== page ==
For some time, the market has been anticipating that management could do the usual thing and cut the monthly distribution when American Hotel Income Properties REIT’s (TSX:HOT.UN) (AHIP) units took a heavy beating between mid-2017 until December 2019 and the annualized distribution yield soared beyond the 13% level.
But nothing was done to the distribution, and insiders were actually net buyers into the real estate investment trust’s (REIT) units during the period, meaning they probably strongly believed in their cooking, even if it would take longer to turn around and reconstitute AHIP’s poorly performing portfolio, which faced a drag from economy hotels that targeted railroad personnel.
The REIT’s untouched U.S. dollar-denominated monthly distribution yields a staggering 11.8% at the time of writing, and there are strong signs that it could be sustained well into the future.
Should we Buy AHIP’s nearly 12% yield today?
Significant changes have taken place at AHIP over the past two to three years.
The REIT recently concluded the sale of its underperforming railroad assets, and the proceeds were used to acquire a very young portfolio of premium-branded hotels built within the past five years. Its portfolio is now comprised of 79 premium-branded hotel assets strewn across the United States’s secondary metropolitan markets that benefit from stable demand.
Operated under the brands affiliated with Marriott, Hilton, InterContinental Hotels Group, Wyndham, and Choice Hotels through licence agreements, the trust is likely to fare better against its competition in the premium hotels space with its recently renovated assets and younger and more modern furnishings, fittings, and amenities.
Management has done away with the performance drag from the economy hotel assets, and we could see improving financial performance from the completely transformed portfolio going forward.
Property renovations are largely complete on several individual hotel buildings, meaning that the negative cash flow impact of the “down times” is gone now. Actually, the new and refreshed looks and feel of the renovated rooms could actually attract more bookings than before.
Analysts expect the REIT to see a return to better cash flow generation in the near future, even as competition within the industry remains intense and high labour costs maintain pressure on margins.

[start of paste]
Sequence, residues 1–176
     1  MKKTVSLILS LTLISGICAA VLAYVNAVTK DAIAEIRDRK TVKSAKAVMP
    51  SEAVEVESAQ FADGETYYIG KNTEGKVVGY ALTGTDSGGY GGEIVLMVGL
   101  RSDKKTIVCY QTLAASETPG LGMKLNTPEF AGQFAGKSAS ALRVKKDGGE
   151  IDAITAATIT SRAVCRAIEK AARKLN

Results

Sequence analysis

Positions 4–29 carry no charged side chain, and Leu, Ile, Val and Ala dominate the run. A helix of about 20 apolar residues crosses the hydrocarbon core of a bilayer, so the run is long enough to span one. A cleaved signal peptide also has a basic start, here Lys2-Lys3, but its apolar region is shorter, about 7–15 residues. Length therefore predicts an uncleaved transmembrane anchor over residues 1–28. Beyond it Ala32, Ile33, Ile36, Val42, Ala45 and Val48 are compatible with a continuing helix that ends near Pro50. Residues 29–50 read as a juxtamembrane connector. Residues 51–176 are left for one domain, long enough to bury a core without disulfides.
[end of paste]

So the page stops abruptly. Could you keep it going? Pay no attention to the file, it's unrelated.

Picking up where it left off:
Excluding those properties that were under renovations during the first nine months of 2019, same-property net operating income on premium-branded hotels was up 2.7% during the second quarter and 5.1% higher during the third quarter of last year. We could witness a better 2020 after the recent complete disposal of underperforming assets.
Further, as renovation expenditures decline going forward, more funds from operations could be freed up to cover the distribution while management’s recently amended agreement with the trust’s third-party hotel manager could result in some near-term cost savings and free up more cash flow this year.
Although the payout rate on adjusted funds from operations (AFFO) had surged beyond ideal levels for 2019, management has been guiding for it to fall close to 90% by 2021.
Maybe the distribution could survive a chop, and if so, we may have a juicy yield booster ripe for harvesting in a TFSA today. This is especially so if the external environment plays nice with the trust going forward.
Foolish bottom line
AHIP’s distribution yield is an enticing but aggressive pick today. It’s not as safe as this recent recommendation, and there’s still some significant risk of a cut if the turnaround plan faces external environment headwinds, but the trust’s portfolio is much better after a strong transformation.
Investors should closely watch the general health of the United States economy, labour costs, and a new hotel supply growth within the trust’s target markets, as these will strongly influence portfolio performance going forward.
This article represents the opinion of the writer, who may disagree with the “official” recommendation position of a Motley Fool premium service or advisor. We’re Motley! Questioning an investing thesis — even one of our own — helps us all think critically about investing and make decisions that help us become smarter, happier, and richer, so we sometimes publish articles that may not be in line with recommendations, rankings or other content.
Fool contributor Brian Paradza has no position in any of the stocks mentioned.